Ready News: September 20, 2018
September 20, 2018
In This Issue: Business Engagement, SEL, Bridge Conference, Equity
|Michelle Massie Joins the Forum for Youth Investment as Director of Opportunity Nation and Strategic Initiatives|
|We are delighted to announce that Michelle K. Massie will join the Forum family this week as Director of Opportunity Nation and Strategic Initiatives. In this new role, Massie will lead the Forum’s efforts to better utilize data about economic mobility and opportunity in America to secure bipartisan support for policies that improve racial, social, and economic equity. She will be responsible for advancing the Forum’s Opportunity Nation initiatives, including the signature annual Opportunity Index, along with other related activities.
Massie comes from A+ Schools, an education advocacy organization based in Pittsburgh, where she managed the organization’s marketing and communications program.
“After successfully transitioning Opportunity Nation to the Forum, our most important decision was finding the right person to lead its activities. Michelle’s experience using data to drive policy changes to ensure everyone has opportunities to succeed made her an obvious choice for this position. We look forward to her joining the team” said Thaddeus Ferber, executive vice president of the Forum.
|Community in Education: Ideas to Bring Businesses, Schools and Communities Together|
|Schools and businesses have common and often compatible goals to better prepare their students for higher education, careers, and life. The Learning First Alliance and business partners from leading industries discuss new ways to reach their mutual goals in a new report, “Community in Education: Bringing Businesses and Schools Together.” It encourages schools to partner with local businesses, from large, multi-national corporations to small, family-owned storefronts, to give their students more meaningful, real-life educational experiences.|
|SEL and Afterschool: What is the Connection? Is there Evidence? A Thought Leader Conversation with Nancy Deutsch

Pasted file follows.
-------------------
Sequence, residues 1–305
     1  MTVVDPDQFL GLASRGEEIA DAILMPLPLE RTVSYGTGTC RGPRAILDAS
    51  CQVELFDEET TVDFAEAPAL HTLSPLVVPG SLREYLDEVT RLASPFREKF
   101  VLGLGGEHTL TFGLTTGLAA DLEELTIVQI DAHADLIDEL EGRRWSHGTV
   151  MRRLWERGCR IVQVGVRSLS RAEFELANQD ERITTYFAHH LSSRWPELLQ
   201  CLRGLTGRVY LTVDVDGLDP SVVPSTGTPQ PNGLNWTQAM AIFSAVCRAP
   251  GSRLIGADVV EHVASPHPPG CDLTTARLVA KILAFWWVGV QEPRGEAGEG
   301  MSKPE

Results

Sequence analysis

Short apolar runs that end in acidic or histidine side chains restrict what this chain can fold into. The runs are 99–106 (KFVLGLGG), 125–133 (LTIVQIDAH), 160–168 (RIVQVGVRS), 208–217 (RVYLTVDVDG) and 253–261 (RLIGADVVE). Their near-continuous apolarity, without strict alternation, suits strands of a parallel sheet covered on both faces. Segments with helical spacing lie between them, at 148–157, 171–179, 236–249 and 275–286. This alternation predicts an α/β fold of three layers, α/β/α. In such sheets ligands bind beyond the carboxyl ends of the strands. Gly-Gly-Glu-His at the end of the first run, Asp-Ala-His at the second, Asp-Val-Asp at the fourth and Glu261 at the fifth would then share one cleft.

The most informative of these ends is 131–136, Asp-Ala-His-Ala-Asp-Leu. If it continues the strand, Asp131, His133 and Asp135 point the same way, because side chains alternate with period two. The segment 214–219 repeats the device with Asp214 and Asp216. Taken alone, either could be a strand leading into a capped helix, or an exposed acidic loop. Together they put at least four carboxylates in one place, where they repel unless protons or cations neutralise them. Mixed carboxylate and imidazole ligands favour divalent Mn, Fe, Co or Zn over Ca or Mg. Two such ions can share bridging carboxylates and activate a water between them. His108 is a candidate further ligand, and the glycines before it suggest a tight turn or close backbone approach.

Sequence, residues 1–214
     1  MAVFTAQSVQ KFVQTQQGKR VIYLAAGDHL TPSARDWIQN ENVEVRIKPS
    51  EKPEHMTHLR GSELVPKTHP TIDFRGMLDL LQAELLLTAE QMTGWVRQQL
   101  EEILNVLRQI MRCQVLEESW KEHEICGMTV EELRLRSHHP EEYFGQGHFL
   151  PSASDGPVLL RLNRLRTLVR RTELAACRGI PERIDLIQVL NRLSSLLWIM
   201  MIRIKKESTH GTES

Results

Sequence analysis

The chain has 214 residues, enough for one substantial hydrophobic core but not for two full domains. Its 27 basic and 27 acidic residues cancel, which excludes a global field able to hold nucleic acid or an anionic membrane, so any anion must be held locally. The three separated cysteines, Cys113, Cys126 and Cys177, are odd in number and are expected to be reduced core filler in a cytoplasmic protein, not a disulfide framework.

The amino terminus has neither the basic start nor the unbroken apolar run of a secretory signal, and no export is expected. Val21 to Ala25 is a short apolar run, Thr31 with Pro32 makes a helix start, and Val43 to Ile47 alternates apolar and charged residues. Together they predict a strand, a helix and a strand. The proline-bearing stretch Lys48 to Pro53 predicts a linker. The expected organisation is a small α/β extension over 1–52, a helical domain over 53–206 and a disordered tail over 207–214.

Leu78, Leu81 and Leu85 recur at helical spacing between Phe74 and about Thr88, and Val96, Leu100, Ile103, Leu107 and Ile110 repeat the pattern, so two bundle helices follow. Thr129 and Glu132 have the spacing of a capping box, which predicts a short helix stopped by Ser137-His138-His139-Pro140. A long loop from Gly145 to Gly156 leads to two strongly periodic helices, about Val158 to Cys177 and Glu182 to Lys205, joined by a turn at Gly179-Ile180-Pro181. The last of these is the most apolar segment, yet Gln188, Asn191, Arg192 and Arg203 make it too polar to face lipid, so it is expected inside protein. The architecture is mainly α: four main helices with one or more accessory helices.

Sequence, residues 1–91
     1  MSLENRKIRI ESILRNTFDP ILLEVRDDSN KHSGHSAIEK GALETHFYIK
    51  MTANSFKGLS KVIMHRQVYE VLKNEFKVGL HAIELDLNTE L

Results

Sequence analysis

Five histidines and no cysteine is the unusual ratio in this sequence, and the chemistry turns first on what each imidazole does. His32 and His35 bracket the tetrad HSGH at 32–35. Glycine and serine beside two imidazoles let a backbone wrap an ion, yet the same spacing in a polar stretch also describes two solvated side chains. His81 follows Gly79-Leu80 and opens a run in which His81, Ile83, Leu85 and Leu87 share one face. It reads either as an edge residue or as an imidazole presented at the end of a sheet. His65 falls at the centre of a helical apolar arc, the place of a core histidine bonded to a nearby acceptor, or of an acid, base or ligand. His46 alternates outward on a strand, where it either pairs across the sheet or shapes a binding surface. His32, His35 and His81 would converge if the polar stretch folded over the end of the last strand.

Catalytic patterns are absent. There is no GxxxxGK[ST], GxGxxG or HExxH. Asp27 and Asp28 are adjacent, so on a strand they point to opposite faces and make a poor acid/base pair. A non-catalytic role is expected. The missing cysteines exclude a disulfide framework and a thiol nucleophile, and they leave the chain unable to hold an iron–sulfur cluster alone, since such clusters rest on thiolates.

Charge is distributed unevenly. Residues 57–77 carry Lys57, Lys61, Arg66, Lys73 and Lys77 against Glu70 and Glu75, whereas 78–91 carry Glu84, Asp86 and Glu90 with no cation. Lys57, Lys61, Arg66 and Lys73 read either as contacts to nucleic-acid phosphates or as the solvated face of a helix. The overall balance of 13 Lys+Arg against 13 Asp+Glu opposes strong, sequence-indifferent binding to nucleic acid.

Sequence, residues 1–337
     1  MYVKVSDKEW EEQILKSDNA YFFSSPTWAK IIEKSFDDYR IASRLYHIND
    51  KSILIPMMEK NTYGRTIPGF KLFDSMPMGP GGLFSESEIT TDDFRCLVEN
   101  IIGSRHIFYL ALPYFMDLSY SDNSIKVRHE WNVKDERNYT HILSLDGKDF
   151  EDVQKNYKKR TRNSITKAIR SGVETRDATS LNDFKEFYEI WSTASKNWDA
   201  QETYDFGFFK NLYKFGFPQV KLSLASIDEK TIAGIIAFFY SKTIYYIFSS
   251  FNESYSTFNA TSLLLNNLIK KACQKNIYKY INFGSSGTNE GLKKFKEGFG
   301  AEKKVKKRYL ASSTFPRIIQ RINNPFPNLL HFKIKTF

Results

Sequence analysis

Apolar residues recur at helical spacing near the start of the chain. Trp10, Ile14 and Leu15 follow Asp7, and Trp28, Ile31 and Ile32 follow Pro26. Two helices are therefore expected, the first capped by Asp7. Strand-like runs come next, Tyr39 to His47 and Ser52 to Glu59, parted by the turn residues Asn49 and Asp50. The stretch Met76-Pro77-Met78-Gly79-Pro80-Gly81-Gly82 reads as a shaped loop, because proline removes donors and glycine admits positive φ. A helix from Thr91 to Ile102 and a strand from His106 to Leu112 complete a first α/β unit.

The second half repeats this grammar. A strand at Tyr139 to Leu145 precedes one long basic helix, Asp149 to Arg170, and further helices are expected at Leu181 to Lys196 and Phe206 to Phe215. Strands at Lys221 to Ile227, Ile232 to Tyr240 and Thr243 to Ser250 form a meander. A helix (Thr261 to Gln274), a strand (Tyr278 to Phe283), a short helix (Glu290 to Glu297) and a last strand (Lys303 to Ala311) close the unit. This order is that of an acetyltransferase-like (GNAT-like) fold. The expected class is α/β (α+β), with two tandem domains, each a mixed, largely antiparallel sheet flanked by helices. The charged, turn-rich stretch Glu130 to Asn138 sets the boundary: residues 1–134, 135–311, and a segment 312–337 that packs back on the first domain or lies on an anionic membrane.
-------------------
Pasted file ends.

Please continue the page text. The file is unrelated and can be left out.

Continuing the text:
Free Conference Call and Discussion
Wednesday, October 3, 2018
1:00-2:00 PM EDT
|When asked, practitioners, policy makers and parents will quickly affirm that out-of-school time programs provide young people of all ages with opportunities to build and use their social and emotional skills.
Why is it then, that there is such a paucity of research on why, how, and how much these programs contribute to skill development? What kinds of policy changes could help OST programs promote SEL more effectively? Has the press for these programs to demonstrate impact on academic outcomes helped or hurt the cause?
Join Karen Pittman and Nancy Deutsch with the University of Virginia’s Youth-Nex as they discuss these critical questions.
|2018 Bridge Conference: Elevate Youth Voice
October 29-30, 2018
|This year’s 2018 Bridge Conference, hosted annually by School’s Out Washington, will take place October 29-30, 2018 at the Hyatt Regency Lake Washington at Seattle’s Southport in Renton. This year’s theme, Elevate Youth Voice, will explore how we can authentically embed practices and strengthen community, state, and national systems that drive equity and support young people in affecting change.
The full 2018 Bridge Conference workshop schedule is now live and available for you to browse the selection of sessions on cutting-edge topics and practices to support your work with, and for, young people.
|Practical Ideas for Improving Equity and Inclusion at Nonprofits|
|The journey toward greater diversity, equity and inclusion (DEI) has no fixed endpoint, but a recent Stanford Social Innovation Review article suggests a few helpful places to start. Emily Teitsworth, a nonprofit executive director, explores how to intentionally incorporate DEI strategies into her work. Teitsworth states that “Acknowledging intersectionality-the reality that we live within a system of overlapping and interdependent privileges and disadvantages-is a first step toward truly addressing DEI. But how can we make acknowledging intersectionality a practice, and not just a conversation? We can start by making relatively simple changes that center our work at the intersection of race, gender, sexual orientation, ableism, and implicit bias.”|